Marvel Cinematic Universe

Main article: Frank Castle (Marvel Cinematic Universe)

In February 2020, Adam Simon stated that he had previously pitched a The Punisher film to Marvel Studios that would be set in the Marvel Cinematic Universe (MCU), after the events of the Netflix television series of the same name, with Jon Bernthal reprising his role, described as "Falling Down by way of Full Metal Jacket":[11]

"You got to let this thing live in R-Rated territory and it has to have the same grit and unapologetic boldness of Logan. In my take, we find Frank Castle as we left him at the end of the series, only now completely aware of the threat that superheroes and villains pose to mankind. So, Frank Castle has to go gunning for the person who he feels is responsible for the innumerable civilian casualties. The one who started it all by organizing these weapons of mass destruction to come together. Nick Fury. The twist is that Frank is being used, he spots the double-cross early at the end of act one. From that point on, we have a 3:10 to Yuma situation. Frank and Fury on the run from everyone, heroes and villains. It's 3:10 to Yuma meets L[é]on: The Professional by way of Winter Soldier."

In September 2014, Anthony and Joe Russo indicated that the Punisher had two cameo appearances in their feature film Captain America: The Winter Soldier (2014), as a Penske truck driver who runs over two different Hydra agents. The Russos also expressed interest in a Marvel One-Shot being produced about the character.[12]


Iron Man: Rise of Technovore (2013)

The Punisher appears in Iron Man: Rise of Technovore,[13] voiced by Norman Reedus.

Avengers Confidential: Black Widow & Punisher (2014)

The Punisher appears in Avengers Confidential: Black Widow & Punisher, voiced by Brian Bloom.[14] He is apprehended by S.H.I.E.L.D. after interfering with one of their missions, but is offered to work with Black Widow to stop Leviathan in exchange for his release.[15]

Fan films

The Punisher: Dirty Laundry (2012)

Main article: The Punisher: Dirty Laundry

At the 2012 San Diego Comic-Con International, Jane debuted an independently financed Punisher short film, directed by Phil Joanou, written by Chad St. John, produced by Adi Shankar, and co-starring Ron Perlman, titled Dirty Laundry.[16] Jane said, "I wanted to make a fan film for a character I've always loved and believed in – a love letter to Frank Castle & his fans. It was an incredible experience with everyone on the project throwing in their time just for the fun of it. It's been a blast to be a part of from start to finish — we hope the friends of Frank enjoy watching it as much as we did making it."[17]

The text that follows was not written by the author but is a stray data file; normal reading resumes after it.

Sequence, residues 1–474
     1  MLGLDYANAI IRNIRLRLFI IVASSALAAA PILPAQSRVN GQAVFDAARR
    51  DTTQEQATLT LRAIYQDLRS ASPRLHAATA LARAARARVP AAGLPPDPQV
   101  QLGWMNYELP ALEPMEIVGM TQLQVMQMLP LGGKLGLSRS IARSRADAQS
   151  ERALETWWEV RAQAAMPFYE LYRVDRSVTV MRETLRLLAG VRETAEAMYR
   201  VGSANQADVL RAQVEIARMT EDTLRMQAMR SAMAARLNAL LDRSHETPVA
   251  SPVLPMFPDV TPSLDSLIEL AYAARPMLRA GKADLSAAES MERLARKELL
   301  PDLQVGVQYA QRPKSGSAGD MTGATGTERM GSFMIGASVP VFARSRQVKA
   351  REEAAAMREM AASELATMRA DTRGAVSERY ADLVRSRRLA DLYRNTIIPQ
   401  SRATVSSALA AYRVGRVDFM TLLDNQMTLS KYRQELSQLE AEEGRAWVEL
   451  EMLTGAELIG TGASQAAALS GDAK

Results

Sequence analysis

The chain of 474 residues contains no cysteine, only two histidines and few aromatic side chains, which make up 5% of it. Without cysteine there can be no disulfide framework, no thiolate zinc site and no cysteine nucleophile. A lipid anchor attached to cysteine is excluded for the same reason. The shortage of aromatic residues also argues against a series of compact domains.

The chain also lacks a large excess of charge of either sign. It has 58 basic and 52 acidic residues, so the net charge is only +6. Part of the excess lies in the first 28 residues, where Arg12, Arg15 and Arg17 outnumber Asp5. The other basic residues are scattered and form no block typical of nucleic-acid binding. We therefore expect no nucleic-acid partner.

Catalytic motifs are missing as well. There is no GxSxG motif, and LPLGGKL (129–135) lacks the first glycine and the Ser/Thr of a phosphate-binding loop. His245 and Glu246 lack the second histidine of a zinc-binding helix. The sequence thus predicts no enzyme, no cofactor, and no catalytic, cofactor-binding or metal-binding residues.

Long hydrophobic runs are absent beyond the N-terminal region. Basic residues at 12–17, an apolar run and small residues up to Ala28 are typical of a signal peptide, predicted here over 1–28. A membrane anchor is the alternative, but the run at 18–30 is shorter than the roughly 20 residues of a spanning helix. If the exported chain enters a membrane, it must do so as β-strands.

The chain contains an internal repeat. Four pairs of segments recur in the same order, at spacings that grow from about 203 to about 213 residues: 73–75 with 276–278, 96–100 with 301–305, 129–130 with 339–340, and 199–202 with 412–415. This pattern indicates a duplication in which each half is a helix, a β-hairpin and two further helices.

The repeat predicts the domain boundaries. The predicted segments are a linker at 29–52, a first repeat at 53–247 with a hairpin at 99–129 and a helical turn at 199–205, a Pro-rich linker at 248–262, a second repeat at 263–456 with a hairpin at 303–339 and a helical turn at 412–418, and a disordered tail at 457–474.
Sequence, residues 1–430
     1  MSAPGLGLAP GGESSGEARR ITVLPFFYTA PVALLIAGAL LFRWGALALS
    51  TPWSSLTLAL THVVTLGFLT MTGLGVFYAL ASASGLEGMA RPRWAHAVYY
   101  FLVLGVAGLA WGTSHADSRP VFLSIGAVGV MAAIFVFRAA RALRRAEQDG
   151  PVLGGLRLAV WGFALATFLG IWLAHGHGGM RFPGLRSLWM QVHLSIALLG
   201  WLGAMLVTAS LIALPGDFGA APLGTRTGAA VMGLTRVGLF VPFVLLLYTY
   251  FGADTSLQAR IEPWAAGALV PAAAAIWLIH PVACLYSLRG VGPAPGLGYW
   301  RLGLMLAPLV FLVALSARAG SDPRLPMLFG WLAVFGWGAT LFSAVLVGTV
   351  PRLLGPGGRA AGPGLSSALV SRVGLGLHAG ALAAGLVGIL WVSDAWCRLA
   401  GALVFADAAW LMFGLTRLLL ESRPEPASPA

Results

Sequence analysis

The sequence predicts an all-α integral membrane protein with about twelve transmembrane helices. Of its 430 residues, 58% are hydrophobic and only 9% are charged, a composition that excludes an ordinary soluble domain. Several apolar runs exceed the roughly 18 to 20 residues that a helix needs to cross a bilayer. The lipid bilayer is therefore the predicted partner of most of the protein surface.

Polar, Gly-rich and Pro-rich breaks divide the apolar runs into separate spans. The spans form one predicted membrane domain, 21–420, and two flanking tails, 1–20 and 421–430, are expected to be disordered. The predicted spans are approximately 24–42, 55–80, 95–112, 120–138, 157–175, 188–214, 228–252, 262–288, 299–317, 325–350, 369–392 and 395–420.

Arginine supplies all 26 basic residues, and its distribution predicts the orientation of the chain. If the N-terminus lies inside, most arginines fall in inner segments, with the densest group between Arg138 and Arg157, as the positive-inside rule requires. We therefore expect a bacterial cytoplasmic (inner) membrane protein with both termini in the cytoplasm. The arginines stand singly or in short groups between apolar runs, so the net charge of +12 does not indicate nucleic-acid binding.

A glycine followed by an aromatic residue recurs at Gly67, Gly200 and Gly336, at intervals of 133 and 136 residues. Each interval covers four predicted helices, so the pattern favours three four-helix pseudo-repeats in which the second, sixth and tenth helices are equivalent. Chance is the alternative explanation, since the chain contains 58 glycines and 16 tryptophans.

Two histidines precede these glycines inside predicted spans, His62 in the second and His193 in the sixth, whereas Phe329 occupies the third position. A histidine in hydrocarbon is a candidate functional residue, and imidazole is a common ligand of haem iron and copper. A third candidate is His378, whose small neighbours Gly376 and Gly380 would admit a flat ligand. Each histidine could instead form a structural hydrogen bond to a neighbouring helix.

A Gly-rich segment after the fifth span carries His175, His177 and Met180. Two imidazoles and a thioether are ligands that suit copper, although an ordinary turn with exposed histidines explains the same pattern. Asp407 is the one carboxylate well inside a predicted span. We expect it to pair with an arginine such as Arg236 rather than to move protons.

Do Not Fall in New York City (2012)

Main article: Do Not Fall in New York City

An animated Punisher fan film titled Do Not Fall in New York City was released in 2012, with Lee Westwood voicing the eponymous character.[18]

Skull (2020)

Stuntman Eric Linden, who worked on the MCU / Netflix series The Punisher as a stunt coordinator, second unit director, and stunt double for Jon Bernthal,[19] directed and portrayed the Punisher in the short film Skull, produced in association with FXitinPost.[20]

Cast and crew

Principal cast

List indicator(s)
Character The Punisher The Punisher Punisher: War Zone Marvel Cinematic Universe Animation Fan films
Captain America:
The Winter Soldier
Avengers: Endgame Iron Man: Rise of Technovore Avengers Confidential:
Black Widow & Punisher
The Punisher:
Dirty Laundry
Do Not Fall in New York City Skull
1989 2004 2008 2014 2019 2013 2014 2012 2020
Francis "Frank" Castle
The Punisher
Dolph Lundgren Thomas Jane Ray Stevenson Easter egg cameo appearances Tesshô GendaV Thomas Jane Lee WestwoodV Eric Linden
Norman ReedusV Brian BloomV
Maria Castle Photograph Samantha Mathis Photograph
Danny / William "Will" Castle Robert Simper Marcus Johns
Natasha Romanova
Black Widow
Scarlett Johansson Miyuki Sawashiro
Clare Grant Jennifer Carpenter
Nick Fury Samuel L. Jackson Hideaki Tezuka
John Eric Bentley
Maria Hill Cobie Smulders Junko Minagawa
Kari Wahlgren
Tony Stark
Iron Man
Robert Downey Jr. Keiji Fujiwara
Matthew Mercer
Clint Barton
Jeremy Renner Shūhei Sakaguchi
Troy Baker Matthew Mercer
James "Rhodey" Rhodes
War Machine
Don Cheadle Hiroki Yasumoto
James C. Mathis III
Silent cameo
Bruce Banner
The Hulk
Mark Ruffalo Yuichi Karasuma
Fred Tatasciore
Thor Odinson Chris Hemsworth Silent cameo
Carol Danvers
Captain Marvel
Brie Larson
Pepper Potts Gwyneth Paltrow Hiroe Oka
Kate Higgins

Additional crew

The Punisher The Punisher Punisher: War Zone The Punisher:
Dirty Laundry
Iron Man:
Rise of Technovore
Avengers Confidential:
Black Widow & Punisher
1989 2004 2008 2012 2013 2014
Director(s) Mark Goldblatt Jonathan Hensleigh Lexi Alexander Phil Joanou Hiroshi Hamasaki Kenichi Shimizu
Producer(s) Robert Mark Kamen Avi Arad
Gale Anne Hurd
Gale Anne Hurd Adi Shankar Taro Morishima
Writer(s) Boaz Yakin Jonathan Hensleigh
Michael France
Nick Santora
Art Marcum and Matt Holloway
Chad St. John Kengo Kaji Mitsutaka Hirota
Marjorie Liu
Composer Dennis Dreith Carlo Siliotto Michael Wandmacher Hans Zimmer
James Newton Howard
Tetsuya Takahashi
Cinematographer Ian Baker Conrad W. Hall Steve Gainer Masanobu Takayanagi
Editor Stephanie Flack
Tim Wellburn
Steven Kemper
Jeff Gullo
William Yeh
Dean Zimmerman
Paul Norling Bob Murawski TBA
Production company Carolco Pictures